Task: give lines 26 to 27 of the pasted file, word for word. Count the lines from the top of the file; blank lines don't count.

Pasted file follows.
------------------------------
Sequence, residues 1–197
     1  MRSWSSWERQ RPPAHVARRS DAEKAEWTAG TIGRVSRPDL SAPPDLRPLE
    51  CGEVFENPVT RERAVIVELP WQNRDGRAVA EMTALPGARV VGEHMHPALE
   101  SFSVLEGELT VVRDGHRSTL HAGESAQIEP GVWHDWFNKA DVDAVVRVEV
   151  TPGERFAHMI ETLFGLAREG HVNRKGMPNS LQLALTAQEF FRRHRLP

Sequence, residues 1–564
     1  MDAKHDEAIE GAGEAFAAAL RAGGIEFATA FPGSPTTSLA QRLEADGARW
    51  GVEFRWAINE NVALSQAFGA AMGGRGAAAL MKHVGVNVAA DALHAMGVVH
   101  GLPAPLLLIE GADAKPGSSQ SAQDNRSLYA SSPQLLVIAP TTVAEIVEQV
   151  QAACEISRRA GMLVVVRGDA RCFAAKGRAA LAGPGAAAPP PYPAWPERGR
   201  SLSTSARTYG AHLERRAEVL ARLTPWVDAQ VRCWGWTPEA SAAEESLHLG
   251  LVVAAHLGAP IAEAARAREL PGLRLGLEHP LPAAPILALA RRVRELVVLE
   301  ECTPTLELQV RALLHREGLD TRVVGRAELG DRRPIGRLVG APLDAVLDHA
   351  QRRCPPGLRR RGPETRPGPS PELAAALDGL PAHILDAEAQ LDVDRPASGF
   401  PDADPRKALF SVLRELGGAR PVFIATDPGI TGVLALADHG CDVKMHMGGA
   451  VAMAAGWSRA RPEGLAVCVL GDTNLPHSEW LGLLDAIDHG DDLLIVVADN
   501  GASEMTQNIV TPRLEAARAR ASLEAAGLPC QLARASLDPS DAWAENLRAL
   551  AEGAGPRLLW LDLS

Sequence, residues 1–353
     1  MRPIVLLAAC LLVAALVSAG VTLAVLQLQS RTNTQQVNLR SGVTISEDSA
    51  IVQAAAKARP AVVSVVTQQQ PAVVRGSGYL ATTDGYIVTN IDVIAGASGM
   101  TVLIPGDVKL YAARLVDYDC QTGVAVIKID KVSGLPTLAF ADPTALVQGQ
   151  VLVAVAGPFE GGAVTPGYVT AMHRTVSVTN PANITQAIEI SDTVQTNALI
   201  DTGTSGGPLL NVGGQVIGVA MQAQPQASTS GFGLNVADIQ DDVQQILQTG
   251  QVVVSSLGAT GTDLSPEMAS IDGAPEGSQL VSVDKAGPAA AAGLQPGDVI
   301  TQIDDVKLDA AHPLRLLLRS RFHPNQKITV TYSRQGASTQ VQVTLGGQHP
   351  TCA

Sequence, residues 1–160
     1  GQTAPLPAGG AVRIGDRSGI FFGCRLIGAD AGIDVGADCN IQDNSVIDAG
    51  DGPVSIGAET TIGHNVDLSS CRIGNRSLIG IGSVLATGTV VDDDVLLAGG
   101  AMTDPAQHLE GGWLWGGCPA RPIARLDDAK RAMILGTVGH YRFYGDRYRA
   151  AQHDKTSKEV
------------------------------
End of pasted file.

   301  TQIDDVKLDA AHPLRLLLRS RFHPNQKITV TYSRQGASTQ VQVTLGGQHP
   351  TCA